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Name: Fred
Status: other
Grade: other
Location: NJ 
Country: N/A
Date: 9/16/2005

How does a fuel tank in an air plane work in all directions? i.e if the tank is upside down, right side up, or tilted any which way the fuel is supposed to come out to the last drop? How does this work?

Fred -

There are a number of techniques to accomplish this. Here are two -

1. The fuel uptake in the tank is a "flop tube" and it falls to the bottom of the tank in whatever position the plane finds itself.

2. The use of a "header tank" that is fed by the main tanks and designed to feed the engine any attitude. This tank holds enough to provide the fuel to the engine - for a period of time - even when the fuel from the tank is not flowing.

Many small aircraft use a gravity feed system that will not work upside down even with one of these accommodations. Either an engine driven or electrical fuel pump is required in some attitudes. Also, aircraft fuel tanks have an unusable quantity of fuel. In level flight, a typical light plane with 20 gallons in a tank will have a gallon or two unusable. The primary reason for this is to trap water and contaminants. A pilot drains a sample of fuel from the bottom of the tank to check for such before flight.

Larry Krengel

What you describe not true for all airplanes. Part of being "fully aerobatic" is having the right kind of gas-tank.

One way to do it is a flexible bladder, a bag full of gasoline, inside the rigid tank. as the bag slowly empties of fuel liquid, air enters into a vent-hole in the rigid tank to replace the volume. Another way is using surface tension and a well-sculpted mesh-filled tank. The liquid will stick hardest to the densest parts of the mesh or sponge. But this force is weak and the thick mesh slows down fuel flow, so it's more likely for low-G spacecraft or something else. Maybe one can afford to have multiple fuel-lines and actively switch to whichever one has liquid. If you are clever you might think of a passive mechanism open only the one tap with the right g-force or liquid coverage. Filling the tank with some ordinary mesh helps in this situation to minimize dynamic sloshing around, which could otherwise put lots of air-bubbles into the fuel lines.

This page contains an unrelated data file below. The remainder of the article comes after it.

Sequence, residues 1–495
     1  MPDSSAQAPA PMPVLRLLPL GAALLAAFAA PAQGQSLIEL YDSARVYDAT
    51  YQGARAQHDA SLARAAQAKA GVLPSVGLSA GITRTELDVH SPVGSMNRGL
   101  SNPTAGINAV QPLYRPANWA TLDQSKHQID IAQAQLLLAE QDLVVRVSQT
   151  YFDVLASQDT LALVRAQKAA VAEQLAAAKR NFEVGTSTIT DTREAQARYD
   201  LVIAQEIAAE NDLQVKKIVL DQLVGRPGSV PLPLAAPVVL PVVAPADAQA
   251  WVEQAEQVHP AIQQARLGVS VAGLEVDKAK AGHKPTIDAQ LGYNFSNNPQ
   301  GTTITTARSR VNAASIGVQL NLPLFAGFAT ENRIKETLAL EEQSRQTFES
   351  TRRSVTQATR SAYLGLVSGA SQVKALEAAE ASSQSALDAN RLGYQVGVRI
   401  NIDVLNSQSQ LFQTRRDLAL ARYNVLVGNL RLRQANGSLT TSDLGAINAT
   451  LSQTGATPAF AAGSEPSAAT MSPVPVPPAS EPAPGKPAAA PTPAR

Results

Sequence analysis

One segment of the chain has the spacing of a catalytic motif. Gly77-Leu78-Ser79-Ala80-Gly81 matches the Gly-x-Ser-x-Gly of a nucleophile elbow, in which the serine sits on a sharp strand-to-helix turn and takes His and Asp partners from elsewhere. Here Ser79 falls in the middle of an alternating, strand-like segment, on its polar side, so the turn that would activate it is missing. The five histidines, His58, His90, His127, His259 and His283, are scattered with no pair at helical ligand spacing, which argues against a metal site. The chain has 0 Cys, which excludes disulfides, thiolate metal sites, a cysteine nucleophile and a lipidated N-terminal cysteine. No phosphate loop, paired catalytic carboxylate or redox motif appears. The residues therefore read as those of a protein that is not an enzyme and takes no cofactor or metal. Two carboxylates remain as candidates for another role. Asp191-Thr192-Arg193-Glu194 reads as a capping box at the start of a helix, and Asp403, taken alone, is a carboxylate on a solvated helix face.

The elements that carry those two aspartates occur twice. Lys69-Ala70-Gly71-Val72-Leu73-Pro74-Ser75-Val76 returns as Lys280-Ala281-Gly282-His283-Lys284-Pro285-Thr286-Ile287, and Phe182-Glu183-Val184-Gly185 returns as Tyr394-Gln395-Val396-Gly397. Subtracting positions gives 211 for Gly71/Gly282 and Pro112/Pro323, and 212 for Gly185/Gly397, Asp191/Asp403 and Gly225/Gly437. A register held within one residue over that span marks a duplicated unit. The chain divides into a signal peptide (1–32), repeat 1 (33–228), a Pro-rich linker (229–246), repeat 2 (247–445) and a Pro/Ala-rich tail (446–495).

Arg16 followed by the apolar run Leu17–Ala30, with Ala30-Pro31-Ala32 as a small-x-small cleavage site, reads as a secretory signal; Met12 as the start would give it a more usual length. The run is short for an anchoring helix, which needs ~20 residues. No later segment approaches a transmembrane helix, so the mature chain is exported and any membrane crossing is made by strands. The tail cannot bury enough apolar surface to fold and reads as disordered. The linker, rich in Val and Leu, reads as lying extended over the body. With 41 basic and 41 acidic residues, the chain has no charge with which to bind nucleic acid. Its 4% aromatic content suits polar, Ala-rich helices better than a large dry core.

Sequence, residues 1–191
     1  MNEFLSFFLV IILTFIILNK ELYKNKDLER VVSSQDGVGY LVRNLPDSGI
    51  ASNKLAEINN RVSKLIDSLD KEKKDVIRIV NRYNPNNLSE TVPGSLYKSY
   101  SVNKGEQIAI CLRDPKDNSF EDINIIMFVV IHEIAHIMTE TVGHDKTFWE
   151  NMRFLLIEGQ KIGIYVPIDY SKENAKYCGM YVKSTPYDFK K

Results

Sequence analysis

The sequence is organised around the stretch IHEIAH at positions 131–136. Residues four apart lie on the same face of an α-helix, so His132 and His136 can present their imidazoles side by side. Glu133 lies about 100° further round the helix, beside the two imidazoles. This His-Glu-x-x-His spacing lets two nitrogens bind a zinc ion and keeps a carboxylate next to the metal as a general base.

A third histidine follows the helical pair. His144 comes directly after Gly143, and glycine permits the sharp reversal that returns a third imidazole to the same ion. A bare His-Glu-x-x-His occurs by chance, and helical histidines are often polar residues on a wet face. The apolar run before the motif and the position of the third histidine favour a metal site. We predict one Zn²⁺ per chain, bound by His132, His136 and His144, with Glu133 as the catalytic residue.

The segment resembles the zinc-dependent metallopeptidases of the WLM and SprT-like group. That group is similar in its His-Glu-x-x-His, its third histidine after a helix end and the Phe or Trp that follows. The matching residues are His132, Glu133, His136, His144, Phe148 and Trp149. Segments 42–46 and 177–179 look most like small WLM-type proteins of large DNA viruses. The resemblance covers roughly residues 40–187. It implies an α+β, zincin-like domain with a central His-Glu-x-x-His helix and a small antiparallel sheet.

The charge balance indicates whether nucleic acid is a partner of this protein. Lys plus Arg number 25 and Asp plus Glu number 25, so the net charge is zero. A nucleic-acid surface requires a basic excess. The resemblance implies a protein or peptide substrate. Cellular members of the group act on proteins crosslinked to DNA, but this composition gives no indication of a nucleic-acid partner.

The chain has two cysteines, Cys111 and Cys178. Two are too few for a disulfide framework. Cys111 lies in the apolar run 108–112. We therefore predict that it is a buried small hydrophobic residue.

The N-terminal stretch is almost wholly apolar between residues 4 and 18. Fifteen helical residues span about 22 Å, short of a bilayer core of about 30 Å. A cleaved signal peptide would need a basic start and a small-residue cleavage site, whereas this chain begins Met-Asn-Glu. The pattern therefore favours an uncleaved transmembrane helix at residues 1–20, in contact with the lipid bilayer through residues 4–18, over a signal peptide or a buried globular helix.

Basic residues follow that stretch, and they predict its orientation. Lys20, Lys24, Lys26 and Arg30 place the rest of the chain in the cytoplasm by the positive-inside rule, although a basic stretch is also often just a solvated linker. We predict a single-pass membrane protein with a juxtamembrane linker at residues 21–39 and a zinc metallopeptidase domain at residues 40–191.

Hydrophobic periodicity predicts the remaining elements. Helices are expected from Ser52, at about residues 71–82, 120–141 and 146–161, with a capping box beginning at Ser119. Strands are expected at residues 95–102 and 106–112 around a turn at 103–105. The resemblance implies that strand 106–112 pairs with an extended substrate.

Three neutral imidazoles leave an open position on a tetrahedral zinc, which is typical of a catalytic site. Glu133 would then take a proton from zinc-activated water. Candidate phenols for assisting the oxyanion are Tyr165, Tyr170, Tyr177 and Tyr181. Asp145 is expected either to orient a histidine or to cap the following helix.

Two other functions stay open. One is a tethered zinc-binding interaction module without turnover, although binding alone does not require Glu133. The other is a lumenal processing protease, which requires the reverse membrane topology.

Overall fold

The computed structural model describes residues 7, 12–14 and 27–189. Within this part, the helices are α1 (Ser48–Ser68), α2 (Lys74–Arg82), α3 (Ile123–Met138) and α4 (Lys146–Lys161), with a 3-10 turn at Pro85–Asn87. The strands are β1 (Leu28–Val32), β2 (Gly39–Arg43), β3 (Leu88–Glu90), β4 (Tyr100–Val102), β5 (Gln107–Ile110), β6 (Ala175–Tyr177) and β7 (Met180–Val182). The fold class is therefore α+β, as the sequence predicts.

Large tanks can be difficult to fix up right. Small reservoirs fed by pumps can give immunity for short periods of emergency maneuvering. Perhaps passenger planes have this. Sometimes these reservoirs are called "phase separators" because, given mixed liquid and gas-bubbles, they steer the liquid one way and the gas another.

I do not know which technologies are actually used. Seems to me there are a variety of options.

Jim Swenson

The most common method is a weighted pick-up. Imagine a flexible hose inside the tank, with a weight at one end. The end of the hose would be pulled to the 'bottom' of the tank, as determined by whichever direction the latest movements of the airplane are pushing the fuel. It is not a perfect system, but pilots and aircraft designers understand they will not be able to get every last bit of fuel out of a tank. In designing the aircraft, allowances are made for the unusable fuel, and in flying the aircraft, pilots keep enough extra fuel in the tanks to ensure they will not suddenly go dry when the pick-up cannot reach the last bit of fuel.

Another method involves pressurized fuel tanks, like a water balloon that has not been tied off.

Ryan Belscamper

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